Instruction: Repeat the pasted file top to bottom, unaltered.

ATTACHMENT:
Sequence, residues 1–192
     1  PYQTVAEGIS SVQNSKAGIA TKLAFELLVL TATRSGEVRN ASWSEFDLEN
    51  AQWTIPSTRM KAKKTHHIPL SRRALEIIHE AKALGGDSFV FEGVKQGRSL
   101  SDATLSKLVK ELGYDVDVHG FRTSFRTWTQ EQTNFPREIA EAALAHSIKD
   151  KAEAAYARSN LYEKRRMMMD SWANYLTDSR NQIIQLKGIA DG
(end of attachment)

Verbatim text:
Sequence, residues 1–192
     1  PYQTVAEGIS SVQNSKAGIA TKLAFELLVL TATRSGEVRN ASWSEFDLEN
    51  AQWTIPSTRM KAKKTHHIPL SRRALEIIHE AKALGGDSFV FEGVKQGRSL
   101  SDATLSKLVK ELGYDVDVHG FRTSFRTWTQ EQTNFPREIA EAALAHSIKD
   151  KAEAAYARSN LYEKRRMMMD SWANYLTDSR NQIIQLKGIA DG